Dickinson uses symbolism, imagery, metaphor, sarcasm, and irony to show the comparison of drunkenness, personality and divinity to show the experience of a summer day in humorous portray of unruly livelihood. Metaphoric representation of the abstract meanings on the visionary perception of the summer air and dew together with drunkenness enlightens the audience from a different perspective of humanity and social moral decay. The presentation of over-dependence on alcohol shows how individuality has been changed from perfection to immorality. The spirituality of the speaker is questioned when the drinking habit is calling for the attention of the angels to intervene on behalf of the speaker to God. The beauty of the summer day is conducive for the speaker to utilize her time doing other constructive things but she opts to watch the beautiful sceneries from the inn drinking her fine liquor (Yeasts, 2018). In this presentation, Dickinson tries to communicate to her audience on the contradiction of life where people utilize their time differently using their self- reliance as well as independence yet, engaging in things that do not positively contribute to their life.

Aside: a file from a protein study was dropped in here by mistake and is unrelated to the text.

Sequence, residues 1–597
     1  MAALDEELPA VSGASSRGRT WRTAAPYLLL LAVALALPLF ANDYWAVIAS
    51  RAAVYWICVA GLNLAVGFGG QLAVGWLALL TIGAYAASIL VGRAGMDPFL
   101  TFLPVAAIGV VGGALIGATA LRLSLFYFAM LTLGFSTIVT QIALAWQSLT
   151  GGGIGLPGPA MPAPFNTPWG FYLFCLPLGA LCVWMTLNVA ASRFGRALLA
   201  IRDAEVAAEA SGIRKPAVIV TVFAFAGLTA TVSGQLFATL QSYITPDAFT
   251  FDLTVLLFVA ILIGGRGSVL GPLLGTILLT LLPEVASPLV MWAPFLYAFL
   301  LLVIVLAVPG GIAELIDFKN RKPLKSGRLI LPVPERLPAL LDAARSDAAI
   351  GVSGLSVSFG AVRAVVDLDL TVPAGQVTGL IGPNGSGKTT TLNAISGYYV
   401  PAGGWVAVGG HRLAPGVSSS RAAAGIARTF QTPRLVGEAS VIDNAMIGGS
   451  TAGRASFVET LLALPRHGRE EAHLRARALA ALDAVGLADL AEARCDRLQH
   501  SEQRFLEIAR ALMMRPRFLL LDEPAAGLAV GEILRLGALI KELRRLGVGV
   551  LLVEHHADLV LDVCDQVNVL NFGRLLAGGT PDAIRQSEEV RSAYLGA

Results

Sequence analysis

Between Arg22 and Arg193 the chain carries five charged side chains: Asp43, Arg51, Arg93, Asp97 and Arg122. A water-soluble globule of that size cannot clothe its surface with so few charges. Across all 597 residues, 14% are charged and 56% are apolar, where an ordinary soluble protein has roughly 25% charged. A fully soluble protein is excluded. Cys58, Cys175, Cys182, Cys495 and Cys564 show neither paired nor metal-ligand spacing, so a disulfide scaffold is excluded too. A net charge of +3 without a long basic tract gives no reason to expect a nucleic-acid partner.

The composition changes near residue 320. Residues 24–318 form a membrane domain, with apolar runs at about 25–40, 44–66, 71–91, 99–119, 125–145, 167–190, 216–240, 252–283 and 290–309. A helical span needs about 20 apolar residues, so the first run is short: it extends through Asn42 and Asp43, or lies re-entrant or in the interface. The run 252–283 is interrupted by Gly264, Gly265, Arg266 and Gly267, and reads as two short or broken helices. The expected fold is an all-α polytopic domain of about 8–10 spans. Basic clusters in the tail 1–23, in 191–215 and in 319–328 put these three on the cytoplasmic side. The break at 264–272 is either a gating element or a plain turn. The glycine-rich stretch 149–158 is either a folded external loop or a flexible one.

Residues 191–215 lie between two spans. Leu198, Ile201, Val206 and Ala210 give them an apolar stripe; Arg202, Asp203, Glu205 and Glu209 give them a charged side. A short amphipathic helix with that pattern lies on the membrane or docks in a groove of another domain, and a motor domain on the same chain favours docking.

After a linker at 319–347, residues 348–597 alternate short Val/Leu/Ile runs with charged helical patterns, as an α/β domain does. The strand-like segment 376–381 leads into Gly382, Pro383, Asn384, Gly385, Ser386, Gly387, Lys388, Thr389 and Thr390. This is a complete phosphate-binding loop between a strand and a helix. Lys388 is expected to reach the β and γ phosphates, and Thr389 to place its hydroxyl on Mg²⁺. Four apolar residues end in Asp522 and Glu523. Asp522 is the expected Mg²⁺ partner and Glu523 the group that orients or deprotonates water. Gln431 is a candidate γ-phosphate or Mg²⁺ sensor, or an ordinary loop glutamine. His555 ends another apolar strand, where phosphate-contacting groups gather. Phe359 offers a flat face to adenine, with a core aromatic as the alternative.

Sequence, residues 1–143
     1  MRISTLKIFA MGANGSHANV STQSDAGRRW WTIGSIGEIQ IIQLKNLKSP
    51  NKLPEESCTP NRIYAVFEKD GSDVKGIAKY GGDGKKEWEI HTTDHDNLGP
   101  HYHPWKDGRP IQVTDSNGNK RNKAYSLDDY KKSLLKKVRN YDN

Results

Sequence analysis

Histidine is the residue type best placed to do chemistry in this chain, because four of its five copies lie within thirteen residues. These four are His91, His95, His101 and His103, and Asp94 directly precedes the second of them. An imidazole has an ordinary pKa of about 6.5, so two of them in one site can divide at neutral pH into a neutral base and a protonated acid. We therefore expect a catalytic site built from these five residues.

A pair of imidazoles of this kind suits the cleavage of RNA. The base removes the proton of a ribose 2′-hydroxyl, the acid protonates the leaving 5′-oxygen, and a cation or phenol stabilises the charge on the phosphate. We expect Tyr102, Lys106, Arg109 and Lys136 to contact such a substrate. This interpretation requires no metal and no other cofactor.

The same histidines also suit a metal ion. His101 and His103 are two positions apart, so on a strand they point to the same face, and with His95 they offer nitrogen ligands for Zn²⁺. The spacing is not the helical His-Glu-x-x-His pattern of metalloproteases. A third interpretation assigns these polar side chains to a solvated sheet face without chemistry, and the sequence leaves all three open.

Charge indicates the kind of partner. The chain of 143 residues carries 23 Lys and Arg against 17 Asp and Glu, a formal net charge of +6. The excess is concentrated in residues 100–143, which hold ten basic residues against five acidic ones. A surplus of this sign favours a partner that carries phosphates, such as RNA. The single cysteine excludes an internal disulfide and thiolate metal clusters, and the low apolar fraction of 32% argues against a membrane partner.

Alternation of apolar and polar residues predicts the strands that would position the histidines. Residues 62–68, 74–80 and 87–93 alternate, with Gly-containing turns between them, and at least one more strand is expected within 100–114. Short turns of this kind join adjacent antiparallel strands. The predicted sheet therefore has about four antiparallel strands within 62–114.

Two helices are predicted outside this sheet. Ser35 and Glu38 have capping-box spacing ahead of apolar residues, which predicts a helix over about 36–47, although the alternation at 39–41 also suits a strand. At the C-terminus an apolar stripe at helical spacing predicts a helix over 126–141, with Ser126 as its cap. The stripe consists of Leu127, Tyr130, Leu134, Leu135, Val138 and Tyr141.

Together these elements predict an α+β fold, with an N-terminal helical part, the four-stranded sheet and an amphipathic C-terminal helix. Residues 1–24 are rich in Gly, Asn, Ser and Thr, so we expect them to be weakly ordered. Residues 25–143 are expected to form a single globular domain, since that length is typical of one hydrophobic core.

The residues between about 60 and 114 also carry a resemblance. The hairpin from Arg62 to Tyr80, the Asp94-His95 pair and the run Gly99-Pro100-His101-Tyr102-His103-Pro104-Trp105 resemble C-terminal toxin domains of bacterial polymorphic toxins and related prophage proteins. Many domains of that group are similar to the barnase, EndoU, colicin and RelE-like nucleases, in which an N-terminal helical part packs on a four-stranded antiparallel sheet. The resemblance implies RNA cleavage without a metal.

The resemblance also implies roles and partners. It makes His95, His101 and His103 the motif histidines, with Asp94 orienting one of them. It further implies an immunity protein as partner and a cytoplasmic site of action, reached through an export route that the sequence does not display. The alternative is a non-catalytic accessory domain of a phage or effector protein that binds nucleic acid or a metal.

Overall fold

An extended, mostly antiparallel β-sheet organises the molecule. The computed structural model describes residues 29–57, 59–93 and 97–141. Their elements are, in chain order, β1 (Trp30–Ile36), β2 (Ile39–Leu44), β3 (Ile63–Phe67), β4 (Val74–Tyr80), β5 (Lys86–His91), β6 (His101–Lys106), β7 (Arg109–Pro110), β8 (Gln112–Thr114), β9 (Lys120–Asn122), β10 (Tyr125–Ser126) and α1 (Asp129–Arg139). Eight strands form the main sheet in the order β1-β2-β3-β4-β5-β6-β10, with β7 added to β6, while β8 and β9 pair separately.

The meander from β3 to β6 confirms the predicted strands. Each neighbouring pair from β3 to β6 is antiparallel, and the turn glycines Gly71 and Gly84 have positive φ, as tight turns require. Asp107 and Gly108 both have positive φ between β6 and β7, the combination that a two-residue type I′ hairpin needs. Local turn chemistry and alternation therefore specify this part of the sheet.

The symbolism of the 'never brewed liquor' shows that the alcohol the speaker is talking of is imaginary and does not exist. Incidents of the drinking habit show that the speaker has a perennial habit of engaging in this kind of activities making her drink more heavily than the summer drinkers. She is engaging in a behavior that threatens and corrupts her morality and divine spirituality calling for the attention of angels. This use of exaggeration shows that the speaker's life has been exposed to the contradiction of social norms on the natural existence, spirituality as well as individualism. The speaker is independent in mind and action. In her thinking and conduct, she does not rely on the conduct of others who are socially considered to have more exposure in the things she is doing. She is relying on her own conduct to do the things she fills fit for her life making the subject of the poem unique to the topographical representation of her psyche meaning.